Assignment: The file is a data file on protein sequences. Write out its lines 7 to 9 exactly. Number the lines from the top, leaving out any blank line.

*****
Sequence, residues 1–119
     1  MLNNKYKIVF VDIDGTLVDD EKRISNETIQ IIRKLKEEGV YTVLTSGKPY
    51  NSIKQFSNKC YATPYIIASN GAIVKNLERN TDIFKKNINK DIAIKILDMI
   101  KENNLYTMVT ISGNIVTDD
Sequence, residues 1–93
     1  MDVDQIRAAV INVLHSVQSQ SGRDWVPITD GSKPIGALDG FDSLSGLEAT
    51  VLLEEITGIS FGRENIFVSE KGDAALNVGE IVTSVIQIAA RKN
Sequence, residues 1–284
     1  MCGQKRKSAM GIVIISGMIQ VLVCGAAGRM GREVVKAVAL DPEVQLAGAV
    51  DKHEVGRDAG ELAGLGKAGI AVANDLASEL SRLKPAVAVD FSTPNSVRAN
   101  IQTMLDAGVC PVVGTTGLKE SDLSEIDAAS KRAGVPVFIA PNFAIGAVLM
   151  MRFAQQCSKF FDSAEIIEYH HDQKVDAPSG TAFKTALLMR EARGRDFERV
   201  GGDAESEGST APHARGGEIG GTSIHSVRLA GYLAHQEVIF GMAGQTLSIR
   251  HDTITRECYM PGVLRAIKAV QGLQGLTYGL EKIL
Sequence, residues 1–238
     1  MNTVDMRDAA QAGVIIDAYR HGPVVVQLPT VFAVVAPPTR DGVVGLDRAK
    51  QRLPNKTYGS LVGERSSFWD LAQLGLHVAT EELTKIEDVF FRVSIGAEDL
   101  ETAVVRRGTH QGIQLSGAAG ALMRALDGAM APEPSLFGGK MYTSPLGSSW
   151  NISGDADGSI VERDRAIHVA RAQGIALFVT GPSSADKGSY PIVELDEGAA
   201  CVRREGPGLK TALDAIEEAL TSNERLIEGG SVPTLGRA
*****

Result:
    51  VLLEEITGIS FGRENIFVSE KGDAALNVGE IVTSVIQIAA RKN
Sequence, residues 1–284
     1  MCGQKRKSAM GIVIISGMIQ VLVCGAAGRM GREVVKAVAL DPEVQLAGAV